Typical closure devices position an anchor member through the puncture for at least partial sealing of the puncture internally. An insertion sheath is usually pre-positioned extending through the puncture to provide an unobstructed path for inserting the closure device through puncture to position the anchor within the vessel. In at least some closure procedures, a sheath exchange is required to exchange a procedural sheath, which is compatible with treatment devices to treat the vessel, with an insertion sheath compatible with the closure device. Using insertion sheaths as part of a puncture closure procedure may have a number of drawbacks, including the need for a sheath exchange, which may be time-consuming and add complexity to the closure procedure. Opportunities exist for improvements in puncture closure devices and related methods of closing a puncture.

SUMMARY

One aspect of the present disclosure relates to a vascular closure device having a catheter, a balloon, an introducer, and a guidewire lumen. The catheter includes an inflation lumen. The balloon is positioned at a distal end portion of the catheter. The introducer is positioned distal of the balloon. The guidewire lumen extends along at least a portion of the introducer and terminates at a rapid exchange port positioned distal of the balloon. The guidewire lumen is receptive of a guidewire to guide the catheter through a vessel puncture in a vessel to position the balloon within the vessel.

The rapid exchange port may be positioned at a distal bond location between the catheter and the introducer. The rapid exchange port may be positioned at a distal bond location between the introducer and a distal waist of the balloon. The vascular closure device may further include a stiffening wire extending along at least a portion of the catheter to the rapid exchange port. The stiffening wire may be positioned in the inflation lumen.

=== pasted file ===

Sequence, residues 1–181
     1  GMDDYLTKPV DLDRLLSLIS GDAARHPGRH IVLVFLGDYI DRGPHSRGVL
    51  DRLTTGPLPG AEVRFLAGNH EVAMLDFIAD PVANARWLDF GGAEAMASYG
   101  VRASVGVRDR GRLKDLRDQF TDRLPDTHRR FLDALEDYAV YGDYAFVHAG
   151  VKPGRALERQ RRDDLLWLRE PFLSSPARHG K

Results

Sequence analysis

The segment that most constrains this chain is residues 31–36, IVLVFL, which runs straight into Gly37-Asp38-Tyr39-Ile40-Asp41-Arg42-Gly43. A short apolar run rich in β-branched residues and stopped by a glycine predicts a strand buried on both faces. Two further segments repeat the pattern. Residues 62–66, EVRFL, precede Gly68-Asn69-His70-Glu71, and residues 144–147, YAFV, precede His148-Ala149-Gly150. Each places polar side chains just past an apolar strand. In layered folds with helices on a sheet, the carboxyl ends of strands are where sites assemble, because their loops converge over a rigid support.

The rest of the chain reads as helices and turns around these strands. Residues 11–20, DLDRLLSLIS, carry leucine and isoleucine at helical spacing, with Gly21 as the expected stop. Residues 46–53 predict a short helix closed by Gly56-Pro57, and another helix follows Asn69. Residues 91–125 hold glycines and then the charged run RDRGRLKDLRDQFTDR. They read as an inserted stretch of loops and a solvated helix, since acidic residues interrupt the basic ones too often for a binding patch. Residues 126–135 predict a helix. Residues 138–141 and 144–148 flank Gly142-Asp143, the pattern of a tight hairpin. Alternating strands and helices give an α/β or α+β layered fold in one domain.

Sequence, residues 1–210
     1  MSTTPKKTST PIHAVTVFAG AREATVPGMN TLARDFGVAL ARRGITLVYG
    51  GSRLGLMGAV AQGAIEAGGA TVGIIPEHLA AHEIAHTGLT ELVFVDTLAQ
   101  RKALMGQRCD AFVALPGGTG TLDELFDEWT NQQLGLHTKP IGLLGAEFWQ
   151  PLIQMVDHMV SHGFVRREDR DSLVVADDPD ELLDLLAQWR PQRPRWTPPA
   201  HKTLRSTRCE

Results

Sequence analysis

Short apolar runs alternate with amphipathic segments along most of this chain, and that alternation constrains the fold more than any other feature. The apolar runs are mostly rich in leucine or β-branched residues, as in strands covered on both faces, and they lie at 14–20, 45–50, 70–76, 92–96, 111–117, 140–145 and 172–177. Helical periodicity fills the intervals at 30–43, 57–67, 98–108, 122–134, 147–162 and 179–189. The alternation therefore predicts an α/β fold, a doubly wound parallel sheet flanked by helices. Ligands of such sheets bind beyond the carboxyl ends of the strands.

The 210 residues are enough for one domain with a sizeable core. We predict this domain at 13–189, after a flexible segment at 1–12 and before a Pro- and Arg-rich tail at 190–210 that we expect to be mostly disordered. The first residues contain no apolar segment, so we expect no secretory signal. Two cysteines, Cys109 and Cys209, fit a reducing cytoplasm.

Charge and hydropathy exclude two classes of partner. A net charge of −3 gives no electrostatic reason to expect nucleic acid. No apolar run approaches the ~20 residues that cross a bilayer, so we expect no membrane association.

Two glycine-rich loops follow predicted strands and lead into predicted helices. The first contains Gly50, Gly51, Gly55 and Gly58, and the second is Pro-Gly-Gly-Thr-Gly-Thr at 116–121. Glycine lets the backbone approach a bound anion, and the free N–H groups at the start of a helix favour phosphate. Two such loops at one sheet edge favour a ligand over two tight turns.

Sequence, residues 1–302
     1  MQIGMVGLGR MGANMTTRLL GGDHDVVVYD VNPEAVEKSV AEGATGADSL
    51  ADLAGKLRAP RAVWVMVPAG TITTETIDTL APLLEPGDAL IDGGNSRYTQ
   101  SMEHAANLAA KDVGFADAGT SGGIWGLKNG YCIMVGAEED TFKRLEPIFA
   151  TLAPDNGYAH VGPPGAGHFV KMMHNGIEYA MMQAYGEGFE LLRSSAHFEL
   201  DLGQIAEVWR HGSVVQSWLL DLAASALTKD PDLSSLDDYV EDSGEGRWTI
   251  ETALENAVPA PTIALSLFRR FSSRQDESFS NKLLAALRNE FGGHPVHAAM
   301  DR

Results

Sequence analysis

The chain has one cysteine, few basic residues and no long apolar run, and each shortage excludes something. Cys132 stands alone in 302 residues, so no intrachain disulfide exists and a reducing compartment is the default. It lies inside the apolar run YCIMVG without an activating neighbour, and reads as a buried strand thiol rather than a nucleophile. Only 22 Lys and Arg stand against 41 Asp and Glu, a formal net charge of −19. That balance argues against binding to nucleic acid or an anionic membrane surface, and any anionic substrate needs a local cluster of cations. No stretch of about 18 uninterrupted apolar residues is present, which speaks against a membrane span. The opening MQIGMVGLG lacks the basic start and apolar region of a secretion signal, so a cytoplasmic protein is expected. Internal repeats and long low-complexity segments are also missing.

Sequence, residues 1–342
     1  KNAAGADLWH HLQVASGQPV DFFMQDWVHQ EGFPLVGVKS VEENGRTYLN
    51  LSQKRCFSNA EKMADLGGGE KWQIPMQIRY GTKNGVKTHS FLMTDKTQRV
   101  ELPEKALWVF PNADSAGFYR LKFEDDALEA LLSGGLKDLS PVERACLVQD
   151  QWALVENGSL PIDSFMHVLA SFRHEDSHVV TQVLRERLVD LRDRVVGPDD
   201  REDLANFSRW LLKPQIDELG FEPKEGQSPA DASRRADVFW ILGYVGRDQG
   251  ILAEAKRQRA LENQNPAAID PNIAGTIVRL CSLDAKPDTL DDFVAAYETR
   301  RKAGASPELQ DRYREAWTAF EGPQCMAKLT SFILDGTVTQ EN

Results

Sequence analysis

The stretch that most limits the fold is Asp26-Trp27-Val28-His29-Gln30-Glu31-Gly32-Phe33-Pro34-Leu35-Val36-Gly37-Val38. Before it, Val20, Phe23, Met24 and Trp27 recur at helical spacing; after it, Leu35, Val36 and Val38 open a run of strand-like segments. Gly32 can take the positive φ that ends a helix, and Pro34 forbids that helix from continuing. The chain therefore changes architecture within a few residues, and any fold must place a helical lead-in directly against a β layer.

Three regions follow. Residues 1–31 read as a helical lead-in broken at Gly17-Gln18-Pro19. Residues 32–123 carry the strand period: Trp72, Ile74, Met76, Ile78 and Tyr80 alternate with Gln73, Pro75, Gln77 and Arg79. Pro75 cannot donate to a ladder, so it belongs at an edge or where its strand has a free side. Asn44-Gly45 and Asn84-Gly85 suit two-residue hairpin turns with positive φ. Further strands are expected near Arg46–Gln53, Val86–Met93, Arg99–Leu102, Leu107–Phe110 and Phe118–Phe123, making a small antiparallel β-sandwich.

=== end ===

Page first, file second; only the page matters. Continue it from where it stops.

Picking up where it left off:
The guidewire lumen may extend from a distal tip of the introducer proximally to the rapid exchange port. The introducer, catheter and a distal waist of the balloon may be heat bonded together. The balloon, when inflated, may be configured to abut against an internal wall of the vessel to temporarily seal the vessel puncture. The catheter may include a blood flashback lumen having a distal opening at a location proximal of the balloon.

Another aspect of the present disclosure relates to a vascular closure device having an inflation tube, a balloon, and a guidewire lumen. The inflation tube includes an inflation lumen. The balloon is mounted to the inflation tube and arranged in flow communication with the inflation lumen. The balloon is inflatable to temporarily seal a vessel puncture intravascularly. The guidewire lumen extends distally from the balloon from a proximal port to a distal port. The guidewire lumen is receptive of a guidewire. The vascular closure device is configured for advancement along the guidewire and through the vessel puncture.

The vascular closure device further includes an introducer positioned distal of the balloon and defining the guidewire lumen. The inflation tube may include a blood flashback lumen having a distal opening arranged proximal of the balloon. The vascular closure device may further include a stiffening wire extending proximally from the proximal port of the guidewire lumen. The vascular closure device may further include a distal balloon bond arranged between a distal waist of the balloon and the inflation tube, and the proximal port of the guidewire lumen may be positioned at the distal balloon bond. The vascular closure device may further include a sealing member positioned outside of the vessel puncture and configured to seal the vessel puncture extravascularly.

A further aspect of the present disclosure relates to a method of sealing a vessel puncture in a vessel. The method includes providing a guidewire and a vascular closure device, the vascular closure device having a catheter, a balloon, and an introducer, the introducer having a guidewire lumen with proximal and distal ports, and the proximal port being positioned distal of the balloon. The method further includes inserting a distal end of the guidewire through a vessel puncture, inserting a proximal end of the guidewire into the distal port of the introducer and out through the proximal port of the introducer, advancing the vascular closure device along the guidewire to position the introducer and balloon through the vessel puncture, inflating the balloon, and abutting the inflated balloon against an inner surface of the vessel to temporarily seal the vessel puncture.